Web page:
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Waikato emergency 'players' put to the test for V8s
Waikato emergency response agencies put themselves to the test with a state-of-the-art virtual emergency training exercise in anticipation of the Hamilton V8s this weekend.
St John and the Ministry of Health purchased the Swedish Emergo Train System last year, and Waikato was the one of the first regions to put it into practice last month.
With the virtual 'players' including St John, Police, Fire, and Waikato District Health Board's Emergency Department and Trauma Service staff, the training took place in two sites; Waikato Hospital and Hamilton City Council's Emergency Operations Centre in Duke St.
The scene was set at 9am where an accident on the V8 race track causes a rush of people into the corner of a spectator stand at the Hamilton 400 event.
The stand collapses, causing a mass casualty and an emergency response is required.
The players used 12 magnetic whiteboards between the two sites that represented locations where emergency response would be conducted from, including a casualty clearing post, St John resource, and transport sorting area at the race track.
At Waikato Hospital, the whiteboards represented the ED waiting room, triage area, the ED itself, wards, Intensive Care Unit, High Dependency Unit, operating theatres and radiology.
The players involved in the simulation used 'gubers', which are magnets, to simulate real patients with real injuries and vital signs.
In addition to patients, there are gubers for various emergency services and personnel who would be involved in the incident as well as doctors, nurses, attendants and radiologists, to name a few.
Specific gubers also represented 'the walking wounded' who self present at ED, their relatives and friends, bystanders, salvage vehicles – even the media – anybody who would be involved in the real event is factored into the training exercise.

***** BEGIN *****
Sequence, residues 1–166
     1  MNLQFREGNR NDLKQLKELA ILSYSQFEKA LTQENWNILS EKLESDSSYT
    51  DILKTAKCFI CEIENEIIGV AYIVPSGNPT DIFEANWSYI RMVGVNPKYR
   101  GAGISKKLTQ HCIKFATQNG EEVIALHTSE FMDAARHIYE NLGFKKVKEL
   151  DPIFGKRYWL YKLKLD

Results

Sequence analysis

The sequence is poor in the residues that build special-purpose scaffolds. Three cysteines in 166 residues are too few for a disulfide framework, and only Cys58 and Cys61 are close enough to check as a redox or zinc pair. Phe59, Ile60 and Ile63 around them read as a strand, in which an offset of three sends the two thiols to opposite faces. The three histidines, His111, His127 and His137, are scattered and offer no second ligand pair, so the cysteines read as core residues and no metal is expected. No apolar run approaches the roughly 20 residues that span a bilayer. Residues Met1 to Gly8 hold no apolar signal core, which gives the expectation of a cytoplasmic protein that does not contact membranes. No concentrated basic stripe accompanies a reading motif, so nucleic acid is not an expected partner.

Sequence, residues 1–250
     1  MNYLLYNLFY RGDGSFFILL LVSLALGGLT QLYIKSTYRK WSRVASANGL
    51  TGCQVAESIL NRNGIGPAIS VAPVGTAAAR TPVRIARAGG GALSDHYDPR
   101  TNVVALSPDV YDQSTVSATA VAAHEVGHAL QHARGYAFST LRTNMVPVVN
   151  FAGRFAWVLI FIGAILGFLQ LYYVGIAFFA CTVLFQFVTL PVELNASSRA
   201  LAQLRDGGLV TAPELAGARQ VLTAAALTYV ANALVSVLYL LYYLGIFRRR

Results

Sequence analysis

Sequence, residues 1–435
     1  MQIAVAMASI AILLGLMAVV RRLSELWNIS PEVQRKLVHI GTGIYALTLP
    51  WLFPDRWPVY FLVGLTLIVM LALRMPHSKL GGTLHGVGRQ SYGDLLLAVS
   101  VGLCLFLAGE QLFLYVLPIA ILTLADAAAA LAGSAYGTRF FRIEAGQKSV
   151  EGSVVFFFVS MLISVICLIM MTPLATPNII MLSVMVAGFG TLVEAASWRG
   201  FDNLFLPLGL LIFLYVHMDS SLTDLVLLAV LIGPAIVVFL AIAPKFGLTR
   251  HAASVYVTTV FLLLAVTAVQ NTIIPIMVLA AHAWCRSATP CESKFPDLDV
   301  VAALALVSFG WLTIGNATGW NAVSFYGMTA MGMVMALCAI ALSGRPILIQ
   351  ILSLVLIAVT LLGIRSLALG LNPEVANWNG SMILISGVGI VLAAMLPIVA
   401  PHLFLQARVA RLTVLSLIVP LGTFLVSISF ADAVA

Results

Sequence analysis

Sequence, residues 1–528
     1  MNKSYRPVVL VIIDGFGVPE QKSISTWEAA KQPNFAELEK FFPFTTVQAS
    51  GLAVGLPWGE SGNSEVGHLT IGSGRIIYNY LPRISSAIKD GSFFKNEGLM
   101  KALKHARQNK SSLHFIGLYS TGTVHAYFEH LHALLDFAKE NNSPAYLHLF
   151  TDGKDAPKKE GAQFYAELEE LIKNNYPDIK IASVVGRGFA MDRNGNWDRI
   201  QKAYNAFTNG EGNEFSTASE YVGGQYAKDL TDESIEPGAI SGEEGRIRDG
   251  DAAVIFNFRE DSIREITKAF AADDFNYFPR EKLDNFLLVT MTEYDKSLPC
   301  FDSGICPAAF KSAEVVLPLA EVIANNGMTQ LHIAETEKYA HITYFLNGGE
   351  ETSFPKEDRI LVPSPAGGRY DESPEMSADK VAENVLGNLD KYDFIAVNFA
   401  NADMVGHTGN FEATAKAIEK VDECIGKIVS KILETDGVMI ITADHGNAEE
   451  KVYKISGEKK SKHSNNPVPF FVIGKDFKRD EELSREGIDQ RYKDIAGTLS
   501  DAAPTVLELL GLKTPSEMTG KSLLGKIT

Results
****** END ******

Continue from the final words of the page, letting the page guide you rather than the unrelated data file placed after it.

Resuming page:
The players on the day treat the patients as they would in a real situation.
Waikato DHB emergency management services manager Stuart Cockburn said an enormous amount of planning is required to carry out such an exercise.
"We had to take into account everything we could think of that would actually happen during such a mass casualty event," he said.
"We made sure we accounted for a normal patient load in ED on the day as well, using the same numbers we had through that day last year, as well as staffing numbers in all areas and anticipated staff numbers we know we get when we put out a call for a mass casualty.
"The exercise even asks we take into account ambulance transfer times."
Although the exercise is a simulation, Mr Cockburn said it was carried out in real time.
"While the ambulances are transferring patients from the accident scene, we can't do anything to help those patients, and their conditions reflect that until they get to us. We used real ambulance transfer times from the accident site to the ED.
"Adding to that is that as players, we move the gubers that represent medical personnel from various locations within the hospital (on the whiteboards) and while staff are treating a 'patient' they are out of play for any other response – in a real situation a staff member can only do one thing at a time – so that's how we have to play."
Mr Cockburn said other real factors were taken into account, including the assistance of private medical centres Anglesea, Radius and Victoria Central, and transfer of patients to those facilities in real time.
"We used Waikato's new ED floor plan as another challenge to see how that will work in the future."
The players at both sites kept in constant contact via cell phone throughout the three-hour exercise, keeping each other informed of transfers and requirements from both sites.
"The exercise was very successful for all who took part," said Mr Cockburn.
"It demonstrated that the new ED will cope with large numbers of patients, if we have sufficient staffing.
"The exercise also proved a vital tool in enabling all emergency services to work together and learn from each other, raising a number of questions and areas for improvement among all services' current plans for dealing with these incidents.
A comprehensive report is now being compiled by the exercise steering committee and will be sent to Health Waikato's chief operating officer and the Ministry of Health, and other areas of Health Waikato will undergo the training in the future.
For more information about the Emergo Train System, visit www.emergotrain.com and for high-resolution images of the training exercise, contact Amy Thomsen as below.
Date: 15 April 2010